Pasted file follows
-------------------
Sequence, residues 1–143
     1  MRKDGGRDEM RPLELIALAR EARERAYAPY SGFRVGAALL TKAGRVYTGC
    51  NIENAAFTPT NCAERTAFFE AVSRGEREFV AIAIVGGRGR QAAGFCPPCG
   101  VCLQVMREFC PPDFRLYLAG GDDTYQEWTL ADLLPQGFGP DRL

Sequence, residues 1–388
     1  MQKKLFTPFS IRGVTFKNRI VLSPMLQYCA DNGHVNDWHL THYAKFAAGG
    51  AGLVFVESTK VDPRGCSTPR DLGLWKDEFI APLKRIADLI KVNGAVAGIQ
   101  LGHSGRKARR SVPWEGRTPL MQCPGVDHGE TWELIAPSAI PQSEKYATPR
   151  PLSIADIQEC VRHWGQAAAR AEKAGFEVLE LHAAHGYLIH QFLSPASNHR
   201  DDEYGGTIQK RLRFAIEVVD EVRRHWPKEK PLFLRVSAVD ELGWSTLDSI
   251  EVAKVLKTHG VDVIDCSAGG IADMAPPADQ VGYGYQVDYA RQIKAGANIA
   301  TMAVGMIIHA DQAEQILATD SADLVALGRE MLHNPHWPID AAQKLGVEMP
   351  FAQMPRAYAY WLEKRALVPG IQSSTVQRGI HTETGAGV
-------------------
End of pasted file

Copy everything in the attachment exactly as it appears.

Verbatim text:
Sequence, residues 1–143
     1  MRKDGGRDEM RPLELIALAR EARERAYAPY SGFRVGAALL TKAGRVYTGC
    51  NIENAAFTPT NCAERTAFFE AVSRGEREFV AIAIVGGRGR QAAGFCPPCG
   101  VCLQVMREFC PPDFRLYLAG GDDTYQEWTL ADLLPQGFGP DRL

Sequence, residues 1–388
     1  MQKKLFTPFS IRGVTFKNRI VLSPMLQYCA DNGHVNDWHL THYAKFAAGG
    51  AGLVFVESTK VDPRGCSTPR DLGLWKDEFI APLKRIADLI KVNGAVAGIQ
   101  LGHSGRKARR SVPWEGRTPL MQCPGVDHGE TWELIAPSAI PQSEKYATPR
   151  PLSIADIQEC VRHWGQAAAR AEKAGFEVLE LHAAHGYLIH QFLSPASNHR
   201  DDEYGGTIQK RLRFAIEVVD EVRRHWPKEK PLFLRVSAVD ELGWSTLDSI
   251  EVAKVLKTHG VDVIDCSAGG IADMAPPADQ VGYGYQVDYA RQIKAGANIA
   301  TMAVGMIIHA DQAEQILATD SADLVALGRE MLHNPHWPID AAQKLGVEMP
   351  FAQMPRAYAY WLEKRALVPG IQSSTVQRGI HTETGAGV